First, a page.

strange-tales-annual-1Remember back in the good old days when comic books were fun to read? Before the never-ending cascade of deaths that are meaningless and temporary, multiple characters with the same name and pretty much the same abilities, and incessant earthshattering mega-events that bring together entire universes of superheroes just so we can see how much they hate each other?

For several years before the debut of the contemporary Marvel Universe, the House of Ideas published a lot of westerns, romance comics, teen humor, war titles – and some major tonnage of monster comics. I was probably in their prime target audience at the time, having just turned 11 when Fantastic Four #1 came out. That’s the first Fantastic Four #1. But for me, there was only one problem.

I never bought those monster titles. They just didn’t appeal to me. They looked kinda dumb.

monsterbusThen Fantastic Four #1 came out, followed by Fantastic Four #2 and then the creation of the Marvel Universe as we know it today… more-or-less. And then Marvel decided to jump on the oversized annuals bandwagon, a cart already crowded by DC, Archie, Harvey and Dennis The Menace. They released their first two in the summer of 1962 – Millie The Model and Strange Tales. I was so surprised I immediately bought the latter and actually considered buying the former.

I bought it at Chicago’s Washington Avenue subway kiosk as I was about to climb down the stairs to go home. Yes, my mother let me go downtown alone: it was 1962 and we were a lot less paranoid back then. Anyway, I started with page one and got through all 76 pages before I hit Albany Park. And I had a blast.

krogarrSince then, Marvel has incorporated some of these monsters into their continuity, most famously Fin Fang Foom (my favorite, whether he’s wearing pants or not) and Groot. Editor/head writer Stan Lee later recycled some of the names for use as heroes and villains: The Hulk, Thorr, Magneto, Elektro, The Thing, Cyclops. Perhaps the spelling of the monster Thorr explains why the superhero Thor’s name was misspelled on the last panel of his debut story.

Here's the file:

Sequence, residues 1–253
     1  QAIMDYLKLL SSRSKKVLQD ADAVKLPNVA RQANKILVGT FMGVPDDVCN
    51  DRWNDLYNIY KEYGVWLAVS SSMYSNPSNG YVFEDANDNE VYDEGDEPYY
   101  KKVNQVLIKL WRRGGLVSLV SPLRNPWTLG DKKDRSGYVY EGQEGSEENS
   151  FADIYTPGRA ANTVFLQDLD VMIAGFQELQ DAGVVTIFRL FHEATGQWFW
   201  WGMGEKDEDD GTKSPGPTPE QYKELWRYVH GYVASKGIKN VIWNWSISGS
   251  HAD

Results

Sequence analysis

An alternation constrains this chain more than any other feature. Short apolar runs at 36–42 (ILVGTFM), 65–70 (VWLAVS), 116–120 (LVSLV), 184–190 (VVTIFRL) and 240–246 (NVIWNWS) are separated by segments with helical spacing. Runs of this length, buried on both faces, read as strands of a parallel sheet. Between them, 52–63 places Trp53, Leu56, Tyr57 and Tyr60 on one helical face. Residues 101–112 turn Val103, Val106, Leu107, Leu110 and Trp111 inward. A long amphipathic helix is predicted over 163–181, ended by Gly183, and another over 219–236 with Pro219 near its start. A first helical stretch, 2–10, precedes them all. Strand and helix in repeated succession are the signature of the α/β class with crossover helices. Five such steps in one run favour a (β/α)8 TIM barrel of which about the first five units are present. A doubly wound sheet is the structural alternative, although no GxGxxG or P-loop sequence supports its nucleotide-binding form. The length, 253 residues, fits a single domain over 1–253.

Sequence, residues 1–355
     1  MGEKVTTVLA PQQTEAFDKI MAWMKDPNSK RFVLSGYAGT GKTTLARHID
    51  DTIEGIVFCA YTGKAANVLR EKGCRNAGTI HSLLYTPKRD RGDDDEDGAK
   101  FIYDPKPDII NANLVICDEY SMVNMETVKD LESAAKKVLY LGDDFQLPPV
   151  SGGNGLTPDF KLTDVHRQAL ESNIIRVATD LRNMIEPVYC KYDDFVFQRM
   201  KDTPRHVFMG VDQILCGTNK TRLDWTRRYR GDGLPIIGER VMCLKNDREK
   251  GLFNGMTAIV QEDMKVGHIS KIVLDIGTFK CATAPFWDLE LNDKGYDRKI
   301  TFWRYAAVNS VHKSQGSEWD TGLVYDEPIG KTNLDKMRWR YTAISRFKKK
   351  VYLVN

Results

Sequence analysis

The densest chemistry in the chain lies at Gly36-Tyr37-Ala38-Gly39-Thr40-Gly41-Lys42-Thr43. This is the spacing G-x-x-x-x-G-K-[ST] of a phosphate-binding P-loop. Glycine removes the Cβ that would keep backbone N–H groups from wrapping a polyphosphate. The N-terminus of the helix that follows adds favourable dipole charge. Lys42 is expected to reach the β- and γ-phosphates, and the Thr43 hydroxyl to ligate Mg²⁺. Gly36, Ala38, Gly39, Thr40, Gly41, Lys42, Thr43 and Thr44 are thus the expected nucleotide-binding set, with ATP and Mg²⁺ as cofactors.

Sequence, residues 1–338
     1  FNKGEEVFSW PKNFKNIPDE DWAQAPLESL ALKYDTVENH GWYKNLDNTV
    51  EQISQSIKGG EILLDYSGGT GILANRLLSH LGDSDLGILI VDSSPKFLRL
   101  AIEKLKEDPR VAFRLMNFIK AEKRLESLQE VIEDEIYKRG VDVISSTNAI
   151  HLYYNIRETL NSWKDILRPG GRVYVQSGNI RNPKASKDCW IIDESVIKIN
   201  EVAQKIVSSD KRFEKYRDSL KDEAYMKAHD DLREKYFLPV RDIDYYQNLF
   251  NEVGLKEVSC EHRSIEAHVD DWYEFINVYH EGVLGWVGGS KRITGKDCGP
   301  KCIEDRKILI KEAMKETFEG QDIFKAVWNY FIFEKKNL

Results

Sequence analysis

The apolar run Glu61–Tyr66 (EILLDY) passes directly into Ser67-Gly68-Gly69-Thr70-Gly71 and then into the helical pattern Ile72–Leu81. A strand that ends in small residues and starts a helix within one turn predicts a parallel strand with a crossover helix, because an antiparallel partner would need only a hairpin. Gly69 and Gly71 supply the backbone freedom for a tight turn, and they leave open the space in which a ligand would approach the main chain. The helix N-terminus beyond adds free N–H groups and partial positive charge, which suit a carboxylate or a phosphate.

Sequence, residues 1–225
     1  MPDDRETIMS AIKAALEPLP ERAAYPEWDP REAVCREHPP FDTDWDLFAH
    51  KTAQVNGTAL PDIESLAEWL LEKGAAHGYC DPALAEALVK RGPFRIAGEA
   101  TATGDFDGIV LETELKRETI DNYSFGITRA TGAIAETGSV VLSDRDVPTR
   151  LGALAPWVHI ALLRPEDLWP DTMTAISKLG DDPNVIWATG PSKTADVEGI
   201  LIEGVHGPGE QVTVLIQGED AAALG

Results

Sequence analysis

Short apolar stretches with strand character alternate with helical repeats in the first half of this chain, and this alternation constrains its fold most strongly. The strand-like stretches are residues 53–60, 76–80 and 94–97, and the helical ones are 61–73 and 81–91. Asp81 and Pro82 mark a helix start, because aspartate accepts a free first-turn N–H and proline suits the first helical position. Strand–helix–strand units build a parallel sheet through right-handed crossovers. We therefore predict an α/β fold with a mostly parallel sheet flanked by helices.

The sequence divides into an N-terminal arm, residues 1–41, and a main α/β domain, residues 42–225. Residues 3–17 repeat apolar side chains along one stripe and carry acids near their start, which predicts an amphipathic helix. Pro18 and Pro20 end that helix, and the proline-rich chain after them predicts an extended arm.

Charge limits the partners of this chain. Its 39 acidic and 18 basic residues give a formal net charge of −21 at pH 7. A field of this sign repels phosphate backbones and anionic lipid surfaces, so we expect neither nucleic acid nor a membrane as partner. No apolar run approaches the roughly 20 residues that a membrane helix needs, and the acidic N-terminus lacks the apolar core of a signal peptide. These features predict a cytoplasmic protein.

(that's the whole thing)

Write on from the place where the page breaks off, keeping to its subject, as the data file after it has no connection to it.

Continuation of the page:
The Creature from Krogarr (the orange guy on the left) was recycled in a brief monster team-up in The Incredible Hulk. I guess he might have received greater exposure, had his name not been almost exactly the same as the mammoth supermarket chain.

So Marvel is doing a big ol’ event in January called Monsters Unleashed, recycling another Marvel name. As Captain Renault said with great insincerity, “I’m shocked.” But leading their effort is an oversized omnibus called “Monsters Vol. 1: The Marvel Monsterbus by Stan Lee, Larry Lieber and Jack Kirby.” It reprints Groot, Fin Fang Foom, Thorr the Unbelievable, the alien Hulk, the eight-foot-tall Magneto, and others. 872 pages in total. I don’t think I could carry that on the “L”, let alone finish it. The Marvel Monsterbus retails for a hundred bucks, or roughly the cost of a variant cover.

But I do not believe Krogarr is in the Monsterbus. At least, not volume one.

And I’ll bet volume two has a whole lotta Steve Ditko.